Book Review: She Who Became The Sun by Shelley Parker Chan
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Book Review: She Who Became The Sun by Shelley Parker Chan Is A Gender-Bending Reimagining of Chinese History

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BY August 13, 2021

She Who Became The Sun is the debut novel by author Shelly Parker Chan, and the start of a new series – The Radiant Emperor trilogy. This intense and vividly written fantasy novel draws from ancient Chinese storytelling traditions. But it is also a thoroughly modern reimagining of Chinese history and historical figures.

A Fantasy Story Based On Real-World Chinese History

She Who Became The Sun Cover Image via Tor/Forge

She Who Became The Sun takes place in 14th century China, at the end of the Mongolian-controlled Yuan dynasty. The history and research that went into the worldbuilding for this novel is painstakingly accurate, with a few notable exceptions that transform this from a historical novel into a fantasy novel. Perhaps the most obvious (and potentially controversial) change is the gender-bending of the main character – Zhu Chongba. Even a cursory internet search for the name will show that this character is based on the Emperor that founded the Ming dynasty in China.

She Who Became The Sun Image via Wikimedia Commons

In She Who Became The Sun, Parker Chan explores the impoverished origins of the character and their rise to power. But they imagine that Zhu was once a young girl, whose fate is decreed to be ‘nothing.’ She claims her dead brother’s destiny of greatness along with his identity. She travels to a monastery to seek refuge. There she becomes a monk, and begins a lifetime of hiding her gender in order to fully become the man known as Zhu Chongba.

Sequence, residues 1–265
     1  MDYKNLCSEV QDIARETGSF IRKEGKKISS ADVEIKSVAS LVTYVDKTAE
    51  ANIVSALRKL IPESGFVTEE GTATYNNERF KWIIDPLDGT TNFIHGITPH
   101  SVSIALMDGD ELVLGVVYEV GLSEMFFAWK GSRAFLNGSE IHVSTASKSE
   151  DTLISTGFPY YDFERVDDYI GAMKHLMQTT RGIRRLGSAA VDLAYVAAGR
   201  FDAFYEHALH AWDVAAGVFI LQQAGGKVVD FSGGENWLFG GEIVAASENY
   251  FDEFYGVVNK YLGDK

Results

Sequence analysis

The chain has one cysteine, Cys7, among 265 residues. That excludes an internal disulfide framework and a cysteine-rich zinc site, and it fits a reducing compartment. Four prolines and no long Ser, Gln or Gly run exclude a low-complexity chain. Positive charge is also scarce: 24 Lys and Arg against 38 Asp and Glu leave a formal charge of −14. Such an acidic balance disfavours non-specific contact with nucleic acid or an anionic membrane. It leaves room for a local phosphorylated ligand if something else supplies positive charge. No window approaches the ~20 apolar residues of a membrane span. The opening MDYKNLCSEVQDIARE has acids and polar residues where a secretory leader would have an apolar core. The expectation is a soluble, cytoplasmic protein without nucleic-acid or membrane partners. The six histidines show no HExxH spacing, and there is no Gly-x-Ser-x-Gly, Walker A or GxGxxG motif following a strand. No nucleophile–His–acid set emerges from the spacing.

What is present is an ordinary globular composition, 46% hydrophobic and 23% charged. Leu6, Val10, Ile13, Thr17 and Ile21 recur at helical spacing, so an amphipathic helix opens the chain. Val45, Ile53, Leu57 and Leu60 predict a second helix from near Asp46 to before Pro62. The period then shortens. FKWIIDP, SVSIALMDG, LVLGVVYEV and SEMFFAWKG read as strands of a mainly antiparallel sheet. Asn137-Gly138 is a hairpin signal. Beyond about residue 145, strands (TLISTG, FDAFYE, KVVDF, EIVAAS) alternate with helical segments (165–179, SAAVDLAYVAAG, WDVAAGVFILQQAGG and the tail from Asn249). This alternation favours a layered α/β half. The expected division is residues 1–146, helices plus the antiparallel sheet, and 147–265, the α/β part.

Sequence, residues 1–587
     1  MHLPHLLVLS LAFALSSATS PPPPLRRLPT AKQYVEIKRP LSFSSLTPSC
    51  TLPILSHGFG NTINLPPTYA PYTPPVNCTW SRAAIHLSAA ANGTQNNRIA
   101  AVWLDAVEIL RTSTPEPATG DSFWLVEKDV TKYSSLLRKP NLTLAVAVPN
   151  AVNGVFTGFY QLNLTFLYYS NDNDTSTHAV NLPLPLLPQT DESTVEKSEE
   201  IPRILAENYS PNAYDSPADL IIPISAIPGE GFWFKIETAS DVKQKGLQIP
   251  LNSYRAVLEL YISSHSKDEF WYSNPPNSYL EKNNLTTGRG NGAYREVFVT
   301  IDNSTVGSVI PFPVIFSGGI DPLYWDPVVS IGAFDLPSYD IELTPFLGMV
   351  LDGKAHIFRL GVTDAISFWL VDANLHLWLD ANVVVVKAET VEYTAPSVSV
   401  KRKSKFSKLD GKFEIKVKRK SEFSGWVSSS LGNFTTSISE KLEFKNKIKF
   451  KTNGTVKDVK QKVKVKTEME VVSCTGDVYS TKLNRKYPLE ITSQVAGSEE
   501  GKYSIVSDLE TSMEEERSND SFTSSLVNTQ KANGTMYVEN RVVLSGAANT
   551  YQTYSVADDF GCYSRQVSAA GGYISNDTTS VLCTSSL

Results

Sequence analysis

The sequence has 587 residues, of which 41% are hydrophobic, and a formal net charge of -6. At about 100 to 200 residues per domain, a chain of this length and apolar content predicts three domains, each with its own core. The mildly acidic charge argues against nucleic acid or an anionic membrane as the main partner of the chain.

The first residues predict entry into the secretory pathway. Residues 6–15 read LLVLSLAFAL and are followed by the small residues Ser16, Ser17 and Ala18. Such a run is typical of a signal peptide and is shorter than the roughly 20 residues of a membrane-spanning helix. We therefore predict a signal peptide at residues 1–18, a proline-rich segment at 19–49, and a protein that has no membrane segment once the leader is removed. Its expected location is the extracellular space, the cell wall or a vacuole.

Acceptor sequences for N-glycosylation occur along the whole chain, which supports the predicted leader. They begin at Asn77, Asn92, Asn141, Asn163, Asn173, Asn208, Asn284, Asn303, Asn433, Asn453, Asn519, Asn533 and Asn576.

Magical Secrets And Secret Identities In She Who Became The Sun

Chinese Monks Meditating Photo by lee bernd via Unsplash

Zhu becomes a monk, and then later a warrior fighting on the side of the rebel Red Turbans who seek to reclaim China from the Yuan. Few know the secrets that Zhu is keeping. Not only about her gender identity, but also about the power she holds. Because Zhu can also see ghosts. This ability came to her in the moment when she claimed her dead brother’s identity. This is one of the few truly fantastical aspects of the story. Unfortunately it is not one that is explored in-depth in the text. Hopefully future books will delve more deeply into this gift/curse that Zhu lives with.

Unlike another historical gender-bending fantasy novel that imagined a young woman living as a man to become a knight in The Story of Silence, there is no historical implications that Zhu Chongba was a woman. However, this gender-bending reimagining of a major historical figure adds depth and complexity to the Parker Chan’s tale. It is a story of identity of course. But it is also a story about everything that humans desire: love, respect, and power.

Exploring The Spaces Between Male And Female

Zhu Chongba is not the only character in the book who lives in the gray area between male and female. On the other side of the struggle is the eunuch general Ouyang. The two are linked by pain and death, along with their unique interstitial identities. Ouyang is the last son of a family murdered by the Yuan dynasty. He was made a eunuch and a slave, before rising to the station of general in the same army that tried to wipe out his people. Ouyang has spent his whole life plotting his revenge. His scheme is complicated by his intense feelings for Esen  – the son of the man who murdered Ouyang’s family.